The inks used in tattoos and permanent makeup (also known as micropigmentation) and the
pigments in these inks are subject to FDA regulation as cosmetics and color additives.
However, FDA has not attempted to regulate the use of tattoo inks and the pigments used in
them and does not control the actual practice of tattooing. Rather, such matters have been
handled through local laws and by local jurisdictions.
But with the growth in popularity of tattooing and permanent makeup, FDA has begun
taking a closer look at related safety questions. Among the issues under consideration are
tattoo removal, adverse reactions to tattoo colors, and infections that result from tattooing.
Another concern is the increasing variety of pigments and diluents being used in
tattooing -- more than fifty different pigments and shades, and the list continues to grow.
Although a number of color additives
are approved for use in cosmetics, none is approved for injection into the skin. Using an
unapproved color additive in a tattoo ink makes the ink adulterated. Many pigments used in
tattoo inks are not approved for skin contact at all. Some are industrial grade colors
that are suitable for printers' ink or automobile paint.
Nevertheless, many individuals choose to undergo tattooing in its various forms. For some,
it is an aesthetic choice or an initiation rite. Some choose permanent makeup as a time saver
or because they have physical difficulty applying regular, temporary makeup. For others,
tattooing is an adjunct to reconstructive surgery, particularly of the face or breast, to
simulate natural pigmentation. People who have lost their eyebrows due to alopecia (a form
of hair loss) may choose to have "eyebrows" tattooed on, while people with vitiligo (a lack
of pigmentation in areas of the skin) may try tattooing to help camouflage the condition.
Whatever their reason, consumers should be aware of the risks involved in order to make an
What Risks Are Involved in Tattooing?
The following are the primary complications that can result from tattooing:
Infection. Unsterile tattooing equipment and needles can transmit
infectious diseases,such as hepatitis. The risk of infection is the reason the American
Association of Blood Banks requires a one-year wait between getting a tattoo and donating
It is extremely important to make sure that all tattooing equipment is clean and sterilized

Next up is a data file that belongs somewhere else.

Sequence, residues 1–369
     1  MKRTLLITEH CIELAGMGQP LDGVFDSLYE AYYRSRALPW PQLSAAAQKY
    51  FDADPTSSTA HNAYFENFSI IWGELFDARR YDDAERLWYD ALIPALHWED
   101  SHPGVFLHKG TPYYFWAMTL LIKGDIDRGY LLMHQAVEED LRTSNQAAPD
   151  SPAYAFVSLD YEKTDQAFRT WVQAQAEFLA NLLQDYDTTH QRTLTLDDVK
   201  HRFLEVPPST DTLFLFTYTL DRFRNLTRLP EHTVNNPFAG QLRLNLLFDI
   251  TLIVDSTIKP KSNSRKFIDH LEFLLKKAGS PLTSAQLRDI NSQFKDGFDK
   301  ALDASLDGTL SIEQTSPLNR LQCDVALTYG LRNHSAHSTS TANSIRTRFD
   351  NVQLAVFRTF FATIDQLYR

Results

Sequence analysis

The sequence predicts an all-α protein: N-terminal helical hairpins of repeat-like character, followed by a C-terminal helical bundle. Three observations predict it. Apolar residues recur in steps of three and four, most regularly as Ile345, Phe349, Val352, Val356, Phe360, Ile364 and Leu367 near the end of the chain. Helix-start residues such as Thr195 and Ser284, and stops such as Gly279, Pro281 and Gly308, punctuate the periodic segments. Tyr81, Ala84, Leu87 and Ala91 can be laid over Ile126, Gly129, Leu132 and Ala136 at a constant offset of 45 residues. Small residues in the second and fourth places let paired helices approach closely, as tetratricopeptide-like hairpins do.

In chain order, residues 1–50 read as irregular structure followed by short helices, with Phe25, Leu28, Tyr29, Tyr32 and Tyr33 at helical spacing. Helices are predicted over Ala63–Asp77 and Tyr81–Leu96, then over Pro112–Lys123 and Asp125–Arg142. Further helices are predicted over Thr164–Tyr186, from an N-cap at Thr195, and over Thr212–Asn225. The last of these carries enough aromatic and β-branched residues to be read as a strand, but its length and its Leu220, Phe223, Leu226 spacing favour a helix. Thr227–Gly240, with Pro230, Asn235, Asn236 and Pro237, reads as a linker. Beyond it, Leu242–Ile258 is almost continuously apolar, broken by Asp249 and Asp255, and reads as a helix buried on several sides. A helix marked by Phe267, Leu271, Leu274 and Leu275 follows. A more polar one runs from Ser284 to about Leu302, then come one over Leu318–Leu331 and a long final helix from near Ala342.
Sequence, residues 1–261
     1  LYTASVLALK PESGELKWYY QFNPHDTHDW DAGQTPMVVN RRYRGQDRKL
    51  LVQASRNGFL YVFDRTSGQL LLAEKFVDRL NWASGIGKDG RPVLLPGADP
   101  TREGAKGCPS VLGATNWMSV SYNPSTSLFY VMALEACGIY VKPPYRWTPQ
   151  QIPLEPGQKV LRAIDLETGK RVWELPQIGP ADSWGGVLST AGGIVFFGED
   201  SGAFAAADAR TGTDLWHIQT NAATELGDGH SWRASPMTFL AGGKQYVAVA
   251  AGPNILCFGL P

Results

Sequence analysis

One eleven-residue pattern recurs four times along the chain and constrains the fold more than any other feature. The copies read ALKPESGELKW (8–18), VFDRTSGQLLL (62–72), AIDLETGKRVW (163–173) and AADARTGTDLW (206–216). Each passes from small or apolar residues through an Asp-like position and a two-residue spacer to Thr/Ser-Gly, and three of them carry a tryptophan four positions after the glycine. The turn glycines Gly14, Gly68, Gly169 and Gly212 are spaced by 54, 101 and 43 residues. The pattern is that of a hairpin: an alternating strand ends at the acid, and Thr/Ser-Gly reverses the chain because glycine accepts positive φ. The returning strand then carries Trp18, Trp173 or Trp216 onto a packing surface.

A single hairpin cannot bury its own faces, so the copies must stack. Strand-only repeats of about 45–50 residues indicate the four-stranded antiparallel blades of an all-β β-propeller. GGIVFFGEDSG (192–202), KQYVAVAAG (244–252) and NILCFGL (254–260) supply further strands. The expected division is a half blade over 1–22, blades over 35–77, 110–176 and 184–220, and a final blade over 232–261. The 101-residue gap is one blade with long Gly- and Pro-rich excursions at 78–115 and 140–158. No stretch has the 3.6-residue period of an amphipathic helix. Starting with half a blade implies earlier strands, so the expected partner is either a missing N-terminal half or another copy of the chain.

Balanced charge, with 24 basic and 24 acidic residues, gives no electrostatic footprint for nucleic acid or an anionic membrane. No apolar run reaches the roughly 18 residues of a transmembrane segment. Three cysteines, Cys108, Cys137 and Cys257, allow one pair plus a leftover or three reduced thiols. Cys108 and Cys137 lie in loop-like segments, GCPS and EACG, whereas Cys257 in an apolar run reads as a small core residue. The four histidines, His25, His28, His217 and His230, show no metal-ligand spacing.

before use. Even if the needles are sterilized or never have been used, it is important
to understand that in some cases the equipment that holds the needles cannot be sterilized
reliably due to its design. In addition, the person who receives a tattoo must be sure to
care for the tattooed area properly during the first week or so after the pigments are
Removal problems. Despite advances in laser technology, removing a tattoo
is a painstaking process, usually involving several treatments and considerable expense.
Complete removal without scarring may be impossible. See "The Most Common Problem:
Dissatisfaction" and "Removal Techniques," below.
Allergic reactions.Although allergic reactions to tattoo pigments are rare,
when they happen they may be particularly troublesome because the pigments can be hard to
remove. Occasionally, people may develop an allergic reaction to tattoos they have had for
Granulomas.These are nodules that may form around material that the body
perceives as foreign, such as particles of tattoo pigment.
Keloid formation. If you are prone to developing keloids -- scars that
grow beyond normal boundaries -- you are at risk of keloid formation from a tattoo. Keloids
may form any time you injure or traumatize your skin, and according to Office of Cosmetics
and Colors (OCAC) dermatologist Ella Toombs, M.D., tattooing or micropigmentation is a form
of trauma. Micropigmentation: State of the Art, a book written by Charles Zwerling,
M.D., Annette Walker, R.N., and Norman Goldstein, M.D., states that keloids occur more
frequently as a consequence of tattoo removal.
MRI complications. There have been reports of people with tattoos or permanent
makeup who experienced swelling or burning in the affected areas when they underwent
magnetic resonance imaging (MRI). This seems to occur only rarely and apparently without
There also have been reports of tattoo pigments interfering with the quality of the image.
This seems to occur mainly when a person with permanent eyeliner undergoes MRI of the eyes.
Mascara may produce a similar effect. The difference is that mascara is easily removable.
The cause of these complications is uncertain. Some have theorized that they result from an
interaction with the metallic components of some pigments.
However, the risks of avoiding an MRI when your doctor has recommended one are likely to be
much greater than the risks of complications from an interaction between the MRI and tattoo
or permanent makeup. Instead of avoiding an MRI, individuals who have tattoos or permanent
makeup should inform the radiologist or technician of this fact in order to take
appropriate precautions, avoid complications, and assure the best results.